Scam Artist’s Radio Career Tuned Out
“The Bill Clark Celebrity Time” radio show may not have ranked high in the ratings, but it sure beat a jail cell, which is where confidence man Bill Clark was supposed to be when detectives caught up with him on Thursday.
Barely two months after being arrested in the Pasadena area on outstanding theft warrants, Clark was back--this time with his own weekly show on Pasadena radio station KPPC.
Clark landed the radio job, after he was mistakenly released from custody in San Diego on March 10, police said.
He was arrested this time at a South Pasadena bank, where an employee recognized his name from a newspaper story about his February arrest in Arcadia for warrants in Texas, Idaho and Colorado. No additional charges have been filed against Clark, South Pasadena police said, but he is being held on an El Paso warrant.
“Bill Clark,” police say, is the alias used by William Buwalda, 56, the son of a prominent Pasadena family. They say he has spent much of his adult life in and out of jail for a variety of scams.
San Diego authorities said they were unaware that he was listed as a Texas fugitive when they released him on his own recognizance and ordered him to return on May 9.
“I was disappointed when I found out that we lost him, but I knew in my bones that he would pop up somewhere,” El Paso Detective Kevin Pierce said.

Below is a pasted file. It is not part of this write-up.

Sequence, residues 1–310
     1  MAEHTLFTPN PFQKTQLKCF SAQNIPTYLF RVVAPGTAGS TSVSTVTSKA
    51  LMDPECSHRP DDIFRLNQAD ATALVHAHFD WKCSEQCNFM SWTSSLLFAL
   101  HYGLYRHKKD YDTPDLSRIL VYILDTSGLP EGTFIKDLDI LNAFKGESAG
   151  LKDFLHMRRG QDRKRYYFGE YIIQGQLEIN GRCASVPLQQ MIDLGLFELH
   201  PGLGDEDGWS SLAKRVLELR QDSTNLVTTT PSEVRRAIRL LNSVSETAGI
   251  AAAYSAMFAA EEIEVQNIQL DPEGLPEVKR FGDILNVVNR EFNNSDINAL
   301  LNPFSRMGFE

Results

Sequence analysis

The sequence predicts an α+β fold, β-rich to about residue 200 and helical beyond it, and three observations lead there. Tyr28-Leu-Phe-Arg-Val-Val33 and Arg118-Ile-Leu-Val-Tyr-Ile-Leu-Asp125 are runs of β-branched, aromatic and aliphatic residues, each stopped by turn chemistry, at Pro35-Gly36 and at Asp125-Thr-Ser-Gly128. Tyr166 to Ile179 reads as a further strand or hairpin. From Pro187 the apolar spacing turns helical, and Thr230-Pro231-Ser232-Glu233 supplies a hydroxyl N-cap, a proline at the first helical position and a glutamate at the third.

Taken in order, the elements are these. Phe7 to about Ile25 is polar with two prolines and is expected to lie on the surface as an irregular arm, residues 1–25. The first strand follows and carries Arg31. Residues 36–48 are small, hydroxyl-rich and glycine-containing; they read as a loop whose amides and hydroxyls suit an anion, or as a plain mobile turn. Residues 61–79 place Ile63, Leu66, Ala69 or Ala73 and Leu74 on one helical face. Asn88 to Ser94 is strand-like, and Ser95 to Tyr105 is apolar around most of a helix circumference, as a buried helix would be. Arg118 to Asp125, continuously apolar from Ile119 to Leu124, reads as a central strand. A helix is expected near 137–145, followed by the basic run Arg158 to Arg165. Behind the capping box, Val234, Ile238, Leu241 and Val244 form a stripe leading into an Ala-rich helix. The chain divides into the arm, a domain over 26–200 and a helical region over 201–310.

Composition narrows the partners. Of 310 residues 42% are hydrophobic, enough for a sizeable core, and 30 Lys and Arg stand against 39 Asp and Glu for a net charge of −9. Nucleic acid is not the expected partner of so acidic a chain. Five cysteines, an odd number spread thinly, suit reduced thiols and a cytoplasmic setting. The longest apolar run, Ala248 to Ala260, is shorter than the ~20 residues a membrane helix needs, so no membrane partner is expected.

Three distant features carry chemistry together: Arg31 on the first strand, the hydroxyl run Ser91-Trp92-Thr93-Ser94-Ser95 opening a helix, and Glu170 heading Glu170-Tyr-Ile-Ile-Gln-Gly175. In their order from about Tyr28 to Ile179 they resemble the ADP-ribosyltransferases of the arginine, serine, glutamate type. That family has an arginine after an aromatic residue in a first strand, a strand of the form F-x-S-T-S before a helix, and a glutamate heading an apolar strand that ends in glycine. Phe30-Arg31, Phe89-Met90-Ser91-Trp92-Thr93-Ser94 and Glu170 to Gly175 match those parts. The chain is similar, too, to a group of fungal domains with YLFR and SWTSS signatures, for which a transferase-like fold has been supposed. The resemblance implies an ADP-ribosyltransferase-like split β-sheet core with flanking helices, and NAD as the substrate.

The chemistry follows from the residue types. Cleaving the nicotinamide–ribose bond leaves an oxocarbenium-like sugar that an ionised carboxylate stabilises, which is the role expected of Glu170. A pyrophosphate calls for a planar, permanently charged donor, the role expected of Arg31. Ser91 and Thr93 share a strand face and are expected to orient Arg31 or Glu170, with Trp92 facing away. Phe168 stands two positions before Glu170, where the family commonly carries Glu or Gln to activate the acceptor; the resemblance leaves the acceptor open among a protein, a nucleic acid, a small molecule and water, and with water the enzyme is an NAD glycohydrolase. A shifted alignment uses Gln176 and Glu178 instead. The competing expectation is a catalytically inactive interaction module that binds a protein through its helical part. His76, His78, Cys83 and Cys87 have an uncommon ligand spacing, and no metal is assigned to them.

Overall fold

KPPC manager Dick Marsh said he hired Clark in late March. “The Bill Clark Celebrity Time” made its debut at 8:30 p.m. April 2. The station aired two segments of the show.
“He looked like he just rolled out of bed and I said to my secretary, ‘This guy’s a short timer,’ ” Marsh said of the first time he met Clark.
But, Marsh added: “He passed himself off as a radio interview personality. He had all kinds of newspaper clippings. He knew the area. He pulled it off. He did it to me.”
Marsh said that under arrangements for the show, Clark charged businessmen $50 to be interviewed for the program. Three businessmen interviewed by The Times on Thursday said that Clark also approached them about paying to have their taped interviews syndicated. Two said they paid him $325 as a down payment on the syndication plan.
Clark was cashing a $325 check from a San Marino chiropractor at the First Arroyo Bank, when he was arrested.
In El Paso, where he faces theft charges, Clark allegedly defrauded several businessmen of thousands of dollars by taking money for appearances on a radio show there and then skipping town, Pierce said.
“He’s good, and he’s got a lot of gall,” Pierce said.
According to family members, Clark’s--or Buwalda’s--late father, John, founded the geology department at Caltech. His mother, Imra, was a noted criminologist who helped establish the California Youth Authority. She died last year.